Over the past few years, we’ve all seen the tremendous impact digital tools can have on the way care is delivered. And although it’s understandable for organizations to want to ride that wave, there’s a critical question that must be asked – and answered – before any decisions are made: “What problem is it trying to solve,” said Stephanie Lahr, MD, CIO and CMIO at Monument Health.
If it is indeed aimed at fixing a specific issue, clinicians are much more apt to use it. But “if they no longer feel that way, they’re not going to be as engaged,” noted Lahr. During a recent interview, she spoke about why the topic is so important to her, and shared insights on what it takes to create a successful digital strategy.
At the upcoming CHIME21 Fall Forum, Lahr and Peter Durlach, Executive VP & Chief Strategy Officer with Nuance Communications, will discuss how they’re building an AI-powered patient engagement platform to deliver a better digital experience for patients, and will share lessons learned.
Defining the digital front door
Gamble: We’re hearing the term ‘digital front door’ more often. What does it mean to you?
Lahr: It’s a great question to pose because it means different things to different people. And that’s one of the challenges with creating some sort of commonality and information and idea sharing around digital front door. It’s a diverse topic and there’s a lot of subtopics within it. Some of which people are gravitating more towards than others.
From my perspective, I look at the digital front door as an opportunity for us to interact with patients and with our community. That includes everything from the patient portal to apps that are developed to messaging platforms that are leveraged. It’s that constellation of the various toolsets that allow our patients to transition from what has historically been a very person-to-person interaction — whether on the phone or in person — to one where they can engage with us in meaningful ways using digital tools.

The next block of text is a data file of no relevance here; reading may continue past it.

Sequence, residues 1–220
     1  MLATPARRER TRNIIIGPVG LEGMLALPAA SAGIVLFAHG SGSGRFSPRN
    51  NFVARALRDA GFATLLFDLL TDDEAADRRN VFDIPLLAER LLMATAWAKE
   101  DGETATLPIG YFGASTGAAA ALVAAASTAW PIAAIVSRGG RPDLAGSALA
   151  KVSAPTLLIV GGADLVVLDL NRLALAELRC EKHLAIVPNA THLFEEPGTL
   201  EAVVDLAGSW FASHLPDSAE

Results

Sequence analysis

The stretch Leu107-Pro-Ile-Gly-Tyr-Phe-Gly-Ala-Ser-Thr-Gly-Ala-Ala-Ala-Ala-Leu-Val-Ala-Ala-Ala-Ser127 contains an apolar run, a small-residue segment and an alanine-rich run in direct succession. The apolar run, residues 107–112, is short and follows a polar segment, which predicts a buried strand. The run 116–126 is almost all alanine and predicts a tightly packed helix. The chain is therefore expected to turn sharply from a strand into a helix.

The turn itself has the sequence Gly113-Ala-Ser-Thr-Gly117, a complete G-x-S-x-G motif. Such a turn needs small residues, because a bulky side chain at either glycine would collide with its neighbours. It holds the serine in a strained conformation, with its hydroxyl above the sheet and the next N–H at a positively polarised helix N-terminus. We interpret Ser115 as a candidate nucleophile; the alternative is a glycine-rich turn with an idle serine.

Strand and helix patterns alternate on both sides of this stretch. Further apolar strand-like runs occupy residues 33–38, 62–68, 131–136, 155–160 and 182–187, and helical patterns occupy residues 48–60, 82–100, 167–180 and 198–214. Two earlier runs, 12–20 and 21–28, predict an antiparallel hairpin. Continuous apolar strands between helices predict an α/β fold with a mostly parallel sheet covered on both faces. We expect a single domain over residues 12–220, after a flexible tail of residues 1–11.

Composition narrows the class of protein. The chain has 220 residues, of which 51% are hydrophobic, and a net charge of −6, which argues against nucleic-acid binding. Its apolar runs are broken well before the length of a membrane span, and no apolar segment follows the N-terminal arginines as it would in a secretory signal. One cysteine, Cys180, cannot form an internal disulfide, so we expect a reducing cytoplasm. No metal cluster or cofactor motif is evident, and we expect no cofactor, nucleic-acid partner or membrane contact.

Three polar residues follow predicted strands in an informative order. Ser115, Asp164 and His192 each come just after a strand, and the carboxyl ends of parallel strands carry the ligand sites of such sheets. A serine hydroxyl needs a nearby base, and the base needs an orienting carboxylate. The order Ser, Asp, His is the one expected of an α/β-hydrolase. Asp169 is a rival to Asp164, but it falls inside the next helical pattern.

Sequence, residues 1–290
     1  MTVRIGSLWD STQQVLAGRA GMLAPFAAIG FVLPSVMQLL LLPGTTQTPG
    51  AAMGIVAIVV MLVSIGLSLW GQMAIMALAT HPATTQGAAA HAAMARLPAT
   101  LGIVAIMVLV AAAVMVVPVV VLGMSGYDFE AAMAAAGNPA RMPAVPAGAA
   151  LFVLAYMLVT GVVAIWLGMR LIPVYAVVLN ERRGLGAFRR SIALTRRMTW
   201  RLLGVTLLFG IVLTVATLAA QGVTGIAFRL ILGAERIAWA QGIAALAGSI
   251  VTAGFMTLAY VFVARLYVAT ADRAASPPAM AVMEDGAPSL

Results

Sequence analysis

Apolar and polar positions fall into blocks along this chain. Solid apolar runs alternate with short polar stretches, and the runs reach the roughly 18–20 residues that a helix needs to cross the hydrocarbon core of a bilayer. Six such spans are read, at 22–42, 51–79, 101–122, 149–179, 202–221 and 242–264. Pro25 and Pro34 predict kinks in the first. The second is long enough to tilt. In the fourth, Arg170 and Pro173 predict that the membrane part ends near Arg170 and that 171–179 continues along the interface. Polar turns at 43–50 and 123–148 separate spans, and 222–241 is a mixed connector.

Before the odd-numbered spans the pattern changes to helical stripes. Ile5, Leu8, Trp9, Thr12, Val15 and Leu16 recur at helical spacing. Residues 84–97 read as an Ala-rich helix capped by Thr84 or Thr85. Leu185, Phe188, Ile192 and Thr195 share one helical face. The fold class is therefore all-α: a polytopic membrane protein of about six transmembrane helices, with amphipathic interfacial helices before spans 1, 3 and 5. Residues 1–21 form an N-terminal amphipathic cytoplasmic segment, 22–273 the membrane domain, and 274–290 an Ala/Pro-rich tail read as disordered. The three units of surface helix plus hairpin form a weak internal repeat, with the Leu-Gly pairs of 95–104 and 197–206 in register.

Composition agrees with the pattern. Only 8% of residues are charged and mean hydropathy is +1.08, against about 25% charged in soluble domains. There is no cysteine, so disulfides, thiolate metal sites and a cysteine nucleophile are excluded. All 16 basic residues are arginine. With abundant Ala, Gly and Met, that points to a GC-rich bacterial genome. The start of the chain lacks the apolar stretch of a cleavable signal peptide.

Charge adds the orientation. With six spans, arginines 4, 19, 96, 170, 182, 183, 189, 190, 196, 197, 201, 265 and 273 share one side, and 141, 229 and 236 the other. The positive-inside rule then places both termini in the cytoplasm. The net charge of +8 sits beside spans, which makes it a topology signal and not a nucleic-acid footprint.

“There’s a digital maturity that has to happen”
Gamble: It’s interesting because the term ‘front door’ can give the impression that there’s one point of entry, which isn’t the case.
Lahr: Right. Another element that’s a little bit tricky is that we need a digital front door, but we need a good old-fashioned front door too. Because not every person and every situation is going to be amenable to a digital platform that’s going to morph over time. And so we’re going to move in that direction. But there’s a digital maturity that needs to happen, which we’ll discuss in the session. Beyond the technical digital maturity that organizations have to go through, there’s a digital maturing — and acceptance — of our population that has to happen.
As you embark on that strategy, it has to be approached the right way. For example, if your entry point into that is telling patients with cancer, ‘instead of having an appointment, we’re going to have to you interact with a chatbot, which then will escalate to the doctor when needed, and you may not see or speak with a real person,’ most patients aren’t going to be ready for that.
However, we are at a place where we might be able to say, instead of waiting on hold for 30 minutes to schedule an appointment, we can have a text interaction with you in real time or a self-service interaction through our patient portal, or any digital platform that allows them to take some control.
One of the elements we use to gauge that readiness is what I call the clinical intimacy factor, which we’ll talk about.
Gamble: During the past two years, digital adoption has really accelerated. We’ve heard a lot from the patient or consumer perspective, but what about clinicians? What have you seen in terms of willingness to adopt?
Lahr: It depends. Our ambient clinical intelligence project, for example, allows very busy clinicians to stop thinking about documentation and focus more on the relationship with the patient; they love that. But when we tell them they still have to do everything they’re used to doing, including documentation, and we want them to telemedicine visits on top of that, it doesn’t resonate as much. Especially since we don’t have time to help figure out how all of this fits into the workflow, and how to manage a different type of patient interaction.
“Digital tools have to solve a problem”
The bottom line is that digital tools have to solve a problem. There are so many digital opportunities available — more than any of us could ever use. But the real question is, what problem is it trying to solve? When clinicians feel like it’s solving a problem, they’ll use it. And when they no longer feel that way, they’re not as engaged.